One fundamental problem that affects all power mapping instruments and methods is the inability to obtain accurate results close to the optical centre. The measurement variability contains a 1/r factor, with ‘r’ being the distance from the optical centre. This means that for very small distances ‘r’, this factor becomes large, amplifying even the smallest measurement noise.

To manage this issue, all power mapping instruments have implemented algorithms in their analysis software to smoothen the central area power map by filtering and extrapolating data points from more peripheral zones. The user has some control on the amount and area of filtering by selecting certain smoothing parameters. While this produces acceptable results for single vision and toric contact lenses, important power profile information can be lost when measuring multifocal or extended depth of focus lenses. These lenses have carefully tuned power profiles particularly around the optical centre to achieve the desired visual performance. Similarly, many lathe cut and some moulded soft contact lenses show optical defects near the centre, which can go undetected due to the applied profile smoothing. As shown in Figure 2A, there is little loss in power profile fidelity for this High Add Biofinity (CooperVision, USA) lens which is designed to have a relatively flat power profile around the centre, the opposite is true for lenses with significant power variation close to the optical centre, such as the EDOF High (SEED, Japan) lens shown in Figure 2B. Here, it is difficult to distinguish between the effects of measurement noise, decentration from optical axis, and filtering, making it difficult to obtain the actual power profile of the lens. Referring back to Figure 1, this 1/r factor also explains the increase in standard deviation towards the centre of the lens even with the applied standard filter settings. The dotted line in Figure 1 illustrates the inherent measurement variability when no filter is applied to the central region. In these examples, the NIMOevo filter settings were:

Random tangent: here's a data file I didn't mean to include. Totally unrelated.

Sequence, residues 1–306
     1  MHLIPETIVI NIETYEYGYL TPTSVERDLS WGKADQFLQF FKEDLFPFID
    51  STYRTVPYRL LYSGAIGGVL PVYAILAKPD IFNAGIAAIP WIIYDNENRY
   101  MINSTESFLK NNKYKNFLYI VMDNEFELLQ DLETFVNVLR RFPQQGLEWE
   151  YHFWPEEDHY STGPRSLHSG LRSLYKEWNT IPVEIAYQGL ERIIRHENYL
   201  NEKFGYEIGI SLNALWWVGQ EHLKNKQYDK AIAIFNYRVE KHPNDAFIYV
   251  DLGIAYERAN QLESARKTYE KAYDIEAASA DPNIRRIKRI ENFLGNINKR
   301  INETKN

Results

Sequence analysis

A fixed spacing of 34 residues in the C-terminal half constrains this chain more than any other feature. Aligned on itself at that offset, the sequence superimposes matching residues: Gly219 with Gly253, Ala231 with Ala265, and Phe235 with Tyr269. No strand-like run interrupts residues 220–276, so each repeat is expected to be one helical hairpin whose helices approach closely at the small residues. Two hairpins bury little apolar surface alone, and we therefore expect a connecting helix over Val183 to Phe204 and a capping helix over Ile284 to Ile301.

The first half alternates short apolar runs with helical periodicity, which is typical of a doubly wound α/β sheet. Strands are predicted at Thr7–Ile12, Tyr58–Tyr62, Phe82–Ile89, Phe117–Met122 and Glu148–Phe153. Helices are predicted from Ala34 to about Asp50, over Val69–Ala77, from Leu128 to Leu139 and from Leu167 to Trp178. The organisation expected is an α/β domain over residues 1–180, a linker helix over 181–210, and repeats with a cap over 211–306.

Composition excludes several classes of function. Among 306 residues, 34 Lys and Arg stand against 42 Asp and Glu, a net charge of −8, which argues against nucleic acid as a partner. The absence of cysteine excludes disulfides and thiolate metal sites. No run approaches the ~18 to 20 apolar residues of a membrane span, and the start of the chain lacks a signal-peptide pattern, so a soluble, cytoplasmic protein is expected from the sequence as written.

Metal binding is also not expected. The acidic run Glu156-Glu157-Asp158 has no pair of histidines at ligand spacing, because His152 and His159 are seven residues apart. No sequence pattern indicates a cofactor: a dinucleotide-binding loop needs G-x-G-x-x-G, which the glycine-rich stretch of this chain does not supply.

Figure 2A: Radial power profiles of the Biofinity Centre Distance High Add lens as measured with NIMOevo and three different filter settings.
Figure 2B: Radial power profiles of the SEED EODF High lens as measured with NIMOevo and three different filter settings.

Zernike polynomials have been used for many years to mathematically describe optical wavefronts in a large range of applications, including visual optics. The pyramid like structure of these polynomials provide a powerful and simple tool to analyse and present lower and higher order aberrations. Lower order aberrations hereby represent the sphere and cylinder power of a contact lens, while higher order aberrations can be used to describe spherical aberrations or to provide an optical quality classification of the lens surfaces. More advanced analysis procedures of the power map may include decentred secondary aperture to quantify local power of decentred add zones, or plotting power profiles along the azimuth, which can be useful to characterise lenses made for the correction of irregular astigmatism. Although, this is not as reliable as one would expect, as Figures 3 and 4 illustrate.